Following the hiring of José María Alonso to head Baker & McKenzie´s Madrid office’s dispute resolution team in March 2012, this year sees the former Managing Partner (MP) of Garrigues elected to lead the Madrid office.
For José Luis Huerta, Managing Partner of Hogan Lovells in Madrid and also Head of its Dispute Resolution Department, trials are his passion. “You need to feel passion for your profession,” he says, “otherwise it’s a very tough profession to be in”. Huerta has been with Hogan Lovells in Madrid ever since it began life as Lovells in 2004. Subsequently, he has survived the trials of building up a business, and adjusting to a merger and the ongoing crisis. He is especially proud of the triumph of going from an ‘unknown’ in the Spanish market, to cementing a place on its legal map, something that without a doubt, say competitors, was largely due to the merger with US firm Hogan & Hartson in 2010. Huerta agrees but with a caveat “Lovells was already an established name in Spain before the merger, but of course the merger gave us worldwide exposure that we wouldn’t otherwise have had – it’s logical!”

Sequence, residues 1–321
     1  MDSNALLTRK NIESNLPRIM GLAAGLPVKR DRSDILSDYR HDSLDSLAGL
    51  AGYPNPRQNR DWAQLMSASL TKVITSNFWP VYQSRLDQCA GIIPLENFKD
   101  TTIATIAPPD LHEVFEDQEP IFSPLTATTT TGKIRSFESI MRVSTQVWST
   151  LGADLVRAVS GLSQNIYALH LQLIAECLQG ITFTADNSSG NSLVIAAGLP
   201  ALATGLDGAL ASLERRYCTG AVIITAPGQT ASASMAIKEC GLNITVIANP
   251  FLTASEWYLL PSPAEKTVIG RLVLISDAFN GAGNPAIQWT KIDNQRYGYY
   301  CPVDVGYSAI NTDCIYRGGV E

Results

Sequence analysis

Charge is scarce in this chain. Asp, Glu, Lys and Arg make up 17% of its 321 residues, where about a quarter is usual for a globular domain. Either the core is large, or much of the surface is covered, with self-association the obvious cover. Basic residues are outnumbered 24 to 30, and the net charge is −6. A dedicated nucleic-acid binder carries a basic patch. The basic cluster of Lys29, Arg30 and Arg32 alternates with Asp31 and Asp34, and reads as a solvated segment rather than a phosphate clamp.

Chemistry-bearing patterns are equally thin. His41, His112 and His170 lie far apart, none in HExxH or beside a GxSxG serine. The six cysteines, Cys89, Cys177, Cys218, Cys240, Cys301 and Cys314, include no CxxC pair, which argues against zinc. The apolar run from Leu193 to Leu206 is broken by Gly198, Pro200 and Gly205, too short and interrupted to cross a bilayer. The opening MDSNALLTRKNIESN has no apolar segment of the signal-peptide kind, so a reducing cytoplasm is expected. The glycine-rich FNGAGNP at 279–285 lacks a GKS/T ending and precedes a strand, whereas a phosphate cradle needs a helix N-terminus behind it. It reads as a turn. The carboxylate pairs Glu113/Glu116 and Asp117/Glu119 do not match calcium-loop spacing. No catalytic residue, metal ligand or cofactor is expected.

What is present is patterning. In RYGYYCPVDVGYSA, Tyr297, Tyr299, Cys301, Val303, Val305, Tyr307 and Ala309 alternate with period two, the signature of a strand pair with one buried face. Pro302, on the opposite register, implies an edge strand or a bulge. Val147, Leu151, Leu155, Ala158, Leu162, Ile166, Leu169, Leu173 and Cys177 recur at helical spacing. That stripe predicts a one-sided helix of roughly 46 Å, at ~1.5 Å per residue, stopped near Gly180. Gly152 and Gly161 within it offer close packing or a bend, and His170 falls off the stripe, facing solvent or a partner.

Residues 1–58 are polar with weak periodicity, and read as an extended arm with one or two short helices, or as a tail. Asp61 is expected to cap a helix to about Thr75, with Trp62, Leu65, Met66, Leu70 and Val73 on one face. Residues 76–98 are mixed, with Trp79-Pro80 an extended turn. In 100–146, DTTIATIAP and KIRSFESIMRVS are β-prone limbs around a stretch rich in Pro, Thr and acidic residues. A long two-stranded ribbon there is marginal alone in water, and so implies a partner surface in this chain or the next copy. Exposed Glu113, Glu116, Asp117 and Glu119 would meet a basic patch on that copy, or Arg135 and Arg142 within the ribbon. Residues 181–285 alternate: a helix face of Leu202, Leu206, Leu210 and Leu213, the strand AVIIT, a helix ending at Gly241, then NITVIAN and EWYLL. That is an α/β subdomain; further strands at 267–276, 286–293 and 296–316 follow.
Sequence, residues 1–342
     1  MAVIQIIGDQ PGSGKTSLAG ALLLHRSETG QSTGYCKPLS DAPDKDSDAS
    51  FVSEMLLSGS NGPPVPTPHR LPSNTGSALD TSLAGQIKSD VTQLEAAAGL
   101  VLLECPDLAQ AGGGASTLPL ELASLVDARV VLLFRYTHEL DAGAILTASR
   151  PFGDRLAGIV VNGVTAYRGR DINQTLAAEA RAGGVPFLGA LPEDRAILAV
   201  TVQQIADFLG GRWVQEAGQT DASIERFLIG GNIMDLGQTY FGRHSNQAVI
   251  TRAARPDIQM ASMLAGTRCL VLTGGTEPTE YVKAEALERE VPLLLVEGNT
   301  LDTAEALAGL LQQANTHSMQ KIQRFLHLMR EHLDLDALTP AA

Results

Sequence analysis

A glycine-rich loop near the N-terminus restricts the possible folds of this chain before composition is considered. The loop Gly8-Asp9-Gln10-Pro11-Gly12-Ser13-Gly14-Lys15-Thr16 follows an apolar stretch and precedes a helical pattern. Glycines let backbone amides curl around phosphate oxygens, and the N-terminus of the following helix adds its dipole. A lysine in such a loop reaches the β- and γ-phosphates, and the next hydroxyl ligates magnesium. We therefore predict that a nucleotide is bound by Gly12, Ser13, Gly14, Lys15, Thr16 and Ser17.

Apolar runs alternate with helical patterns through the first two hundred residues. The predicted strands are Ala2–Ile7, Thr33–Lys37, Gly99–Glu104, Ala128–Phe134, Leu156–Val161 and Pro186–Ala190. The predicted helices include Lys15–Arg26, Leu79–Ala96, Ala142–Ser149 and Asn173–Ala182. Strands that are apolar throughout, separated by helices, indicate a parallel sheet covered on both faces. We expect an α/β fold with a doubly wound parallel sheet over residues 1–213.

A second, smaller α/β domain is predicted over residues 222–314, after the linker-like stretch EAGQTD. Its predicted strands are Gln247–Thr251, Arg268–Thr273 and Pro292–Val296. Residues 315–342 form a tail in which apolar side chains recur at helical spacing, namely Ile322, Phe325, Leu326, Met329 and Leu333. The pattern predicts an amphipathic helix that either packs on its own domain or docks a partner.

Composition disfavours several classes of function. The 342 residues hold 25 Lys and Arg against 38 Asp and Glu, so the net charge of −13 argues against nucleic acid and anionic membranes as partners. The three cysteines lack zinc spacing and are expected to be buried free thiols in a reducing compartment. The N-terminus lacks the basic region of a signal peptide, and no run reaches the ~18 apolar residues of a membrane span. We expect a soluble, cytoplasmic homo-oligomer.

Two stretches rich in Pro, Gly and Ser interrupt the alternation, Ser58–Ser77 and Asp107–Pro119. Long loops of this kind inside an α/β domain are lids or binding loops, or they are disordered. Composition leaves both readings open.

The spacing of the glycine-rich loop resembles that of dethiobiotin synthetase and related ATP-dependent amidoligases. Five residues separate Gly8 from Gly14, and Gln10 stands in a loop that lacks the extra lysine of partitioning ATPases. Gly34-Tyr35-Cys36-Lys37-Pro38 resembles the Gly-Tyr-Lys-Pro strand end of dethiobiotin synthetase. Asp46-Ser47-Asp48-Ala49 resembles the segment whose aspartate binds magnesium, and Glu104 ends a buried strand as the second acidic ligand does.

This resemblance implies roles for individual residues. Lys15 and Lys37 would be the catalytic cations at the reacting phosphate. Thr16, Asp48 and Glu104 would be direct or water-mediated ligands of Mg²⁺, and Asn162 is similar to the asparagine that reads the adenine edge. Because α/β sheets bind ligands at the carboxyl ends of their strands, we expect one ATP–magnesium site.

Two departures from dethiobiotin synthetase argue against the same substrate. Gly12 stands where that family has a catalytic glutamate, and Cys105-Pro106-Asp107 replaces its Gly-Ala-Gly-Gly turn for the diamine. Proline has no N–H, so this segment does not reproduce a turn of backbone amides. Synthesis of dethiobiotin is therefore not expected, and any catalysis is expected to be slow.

When the market hears the word `Miranda´, say competitors, they usually think of Africa. The law firm has steadily expanded into the continent over the past decade and a half, with associated offices in Angola, Cape Verde, Democratic Republic of the Congo, Republic of Congo, Equatorial Guinea, Gabon, Guinea-Bissau, Mozambique, São Tomé and Príncipe. And it has no intention of stopping anytime soon, says Rui Amendoeira, Miranda Correia Amendoeira & Associados’ Managing Partner.
In the current climate where Iberian markets are in crisis, some say the only way to survive is by having a strong international presence either through own offices abroad or being part of an international organisation.